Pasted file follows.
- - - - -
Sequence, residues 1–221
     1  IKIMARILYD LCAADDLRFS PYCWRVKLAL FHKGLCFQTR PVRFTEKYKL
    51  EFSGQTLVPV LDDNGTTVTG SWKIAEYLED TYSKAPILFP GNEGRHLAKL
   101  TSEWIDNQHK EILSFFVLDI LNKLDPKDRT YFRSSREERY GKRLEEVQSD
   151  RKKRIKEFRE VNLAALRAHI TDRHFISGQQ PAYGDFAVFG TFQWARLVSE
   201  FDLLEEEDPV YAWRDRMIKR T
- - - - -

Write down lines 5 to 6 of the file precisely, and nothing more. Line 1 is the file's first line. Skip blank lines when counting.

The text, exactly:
   151  RKKRIKEFRE VNLAALRAHI TDRHFISGQQ PAYGDFAVFG TFQWARLVSE
   201  FDLLEEEDPV YAWRDRMIKR T